One of the best things we ate in New York was Ippudo ramen but unfortunately it just didn’t strike the right chord in Singapore; felt a bit too salty without sufficient depth, and the PigPig felt more MSG was used. And then we discovered Ramen Champion…
Found in the under-renovation Iluma, adjacent to Bugis Mall, Ramen Champion sounded a mere promotional gimmick when I first heard about it. The concept: 6 ramen shopowners from Japan were invited to participate in a competition here whereby the stall that gets the most votes from the general public wins! The prize is the title of “Ultimate Ramen Champion 2011” and will get their own restaurant.
But then I started reading a bit more about the 6 different stalls on the website, looked at the pictures there and read a couple of other blog posts… and I started salivating, while at work, at 4pm, and I started getting really hungry. What especially caught my eye was that these ramen-ya folks weren’t just random ramen-ya plucked by a Singaporean businessman, but people who have won local awards and are (presumably) really good!
Their “stalls” are quite attractively laid out as well in the mall. Within their territory in the mall, one can order from any stall and will get a buzzer which activates when your order is ready. In no particular order, we tried out a bowl of ramen from each stall over several visits.
This is probably the most unique stall here as their ramen is Jiro style (for a more in-depth read, click here), which according to Guardian UK, is THE best ramen to eat in the world. Originating from Tokyo, it supposedly started out catered for students and the first stall was near a university. Basically, it is a tonkotsu broth (thick pork-based soup), which is extremely porky in flavour but it goes a short step further and has lots of fatty essence floating around as well. Ah, but odds are you won’t visibly see it, as the bowl is literally covered up to and over the brim with a generous amount of beansprouts and cabbage. Personally, I thought the vegetable was needed to help cut through the fatty soup but the PigPig hated it.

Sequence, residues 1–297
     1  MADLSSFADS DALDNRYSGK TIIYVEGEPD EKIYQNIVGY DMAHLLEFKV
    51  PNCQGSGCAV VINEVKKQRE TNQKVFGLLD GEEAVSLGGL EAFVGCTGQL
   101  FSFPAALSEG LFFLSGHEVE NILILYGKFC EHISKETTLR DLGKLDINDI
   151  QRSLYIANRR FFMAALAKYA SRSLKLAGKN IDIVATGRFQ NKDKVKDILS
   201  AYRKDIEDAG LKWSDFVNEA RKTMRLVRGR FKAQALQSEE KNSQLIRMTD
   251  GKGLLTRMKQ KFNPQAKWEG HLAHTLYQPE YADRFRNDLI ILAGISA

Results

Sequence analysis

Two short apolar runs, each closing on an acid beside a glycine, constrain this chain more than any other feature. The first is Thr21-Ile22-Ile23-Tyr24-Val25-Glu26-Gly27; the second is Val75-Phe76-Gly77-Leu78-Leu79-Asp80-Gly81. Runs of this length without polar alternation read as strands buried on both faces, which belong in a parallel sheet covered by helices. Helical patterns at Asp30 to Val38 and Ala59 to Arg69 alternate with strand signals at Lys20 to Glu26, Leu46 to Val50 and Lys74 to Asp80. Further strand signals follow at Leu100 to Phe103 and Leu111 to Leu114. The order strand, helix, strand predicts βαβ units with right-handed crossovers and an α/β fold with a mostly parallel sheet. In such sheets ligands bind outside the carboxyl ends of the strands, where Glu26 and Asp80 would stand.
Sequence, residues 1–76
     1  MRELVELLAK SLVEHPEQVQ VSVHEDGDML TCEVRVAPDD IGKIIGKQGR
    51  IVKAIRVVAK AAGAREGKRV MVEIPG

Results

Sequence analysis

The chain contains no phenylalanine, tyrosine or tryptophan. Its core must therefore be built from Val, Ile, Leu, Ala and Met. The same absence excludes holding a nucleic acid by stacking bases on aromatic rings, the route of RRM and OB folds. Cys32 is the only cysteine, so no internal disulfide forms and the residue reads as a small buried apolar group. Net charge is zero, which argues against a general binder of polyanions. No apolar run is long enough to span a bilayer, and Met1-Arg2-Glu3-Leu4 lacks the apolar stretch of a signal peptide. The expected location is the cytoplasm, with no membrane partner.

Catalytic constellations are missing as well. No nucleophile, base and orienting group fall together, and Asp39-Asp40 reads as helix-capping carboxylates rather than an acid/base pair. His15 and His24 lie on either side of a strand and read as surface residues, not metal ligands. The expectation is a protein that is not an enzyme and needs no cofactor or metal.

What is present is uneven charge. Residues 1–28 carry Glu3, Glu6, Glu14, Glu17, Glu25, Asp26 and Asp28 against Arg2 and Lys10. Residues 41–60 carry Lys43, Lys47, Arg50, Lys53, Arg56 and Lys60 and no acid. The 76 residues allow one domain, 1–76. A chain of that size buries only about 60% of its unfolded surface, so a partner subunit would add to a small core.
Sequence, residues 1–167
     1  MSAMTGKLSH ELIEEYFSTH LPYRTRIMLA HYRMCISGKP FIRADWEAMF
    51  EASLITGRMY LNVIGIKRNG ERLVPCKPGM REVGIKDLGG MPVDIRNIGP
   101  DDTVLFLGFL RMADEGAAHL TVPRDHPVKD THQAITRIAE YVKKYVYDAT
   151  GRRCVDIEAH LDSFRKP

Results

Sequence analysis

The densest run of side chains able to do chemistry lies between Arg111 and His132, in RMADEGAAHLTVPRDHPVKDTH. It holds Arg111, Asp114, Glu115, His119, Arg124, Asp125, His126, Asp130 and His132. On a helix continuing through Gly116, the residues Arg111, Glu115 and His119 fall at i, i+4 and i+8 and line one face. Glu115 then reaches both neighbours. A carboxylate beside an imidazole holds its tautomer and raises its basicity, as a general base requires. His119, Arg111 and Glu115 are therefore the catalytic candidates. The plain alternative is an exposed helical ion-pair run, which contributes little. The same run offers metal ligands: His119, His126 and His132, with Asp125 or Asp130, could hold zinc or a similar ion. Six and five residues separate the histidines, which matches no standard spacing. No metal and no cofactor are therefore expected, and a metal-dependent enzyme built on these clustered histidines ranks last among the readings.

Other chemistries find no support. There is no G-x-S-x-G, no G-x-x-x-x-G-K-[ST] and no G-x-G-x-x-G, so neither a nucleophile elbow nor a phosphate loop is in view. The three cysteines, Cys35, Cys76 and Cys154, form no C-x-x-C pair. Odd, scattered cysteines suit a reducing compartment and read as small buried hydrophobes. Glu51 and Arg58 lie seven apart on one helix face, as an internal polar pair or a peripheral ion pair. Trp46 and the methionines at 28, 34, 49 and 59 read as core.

The ramen noodle itself is also somewhat contentious as it’s like no other ramen noodle, being very springy and thick; my jaw muscles ached a little towards the end, especially as there was A LOT of noodles given! However, the wife liked its chewier nature. Their “cha-shu” is amongst my favourite amongst all the stalls here though, being chunkier yet still tender and very flavourful while containing enough fat to make it delicious but not too sinful. Let’s not forget as well that the soup contains enough garlic to definitely ensure your (un)popularity in the workplace.
Summary: One of a kind, this ramen probably polarises opinions more than others here. Broth: very thick, porky, super garlicky. Noodles: fat and chewy +++.
Out of the 6 stalls here, this was the one I originally wanted to try the most as it was of the same style (Hakata) as Ippudo ramen. Named after the Hakata district in Fukuoka city, it is essentially a condensed souped-up (geddit?) and powered-up version of a tonkotsu broth. Sadly, it didn’t have the kuro mayu or black garlic oil that Ippudo had.
The ramen is typical hakata style being thinner and quite firm. Also, this store has the kaedama available, where basically an extra balled-up portion of noodles is given. Apparently, a usual portion size is slightly smaller so the noodles don’t get a chance to soak in the soup for too long and become soggy and softer. So one is expected to request for a kaedama if you’re a bigger eater (such as me) and make sure to save some soup in the bowl for the second round. The egg and pork cha-shu was unremarkable.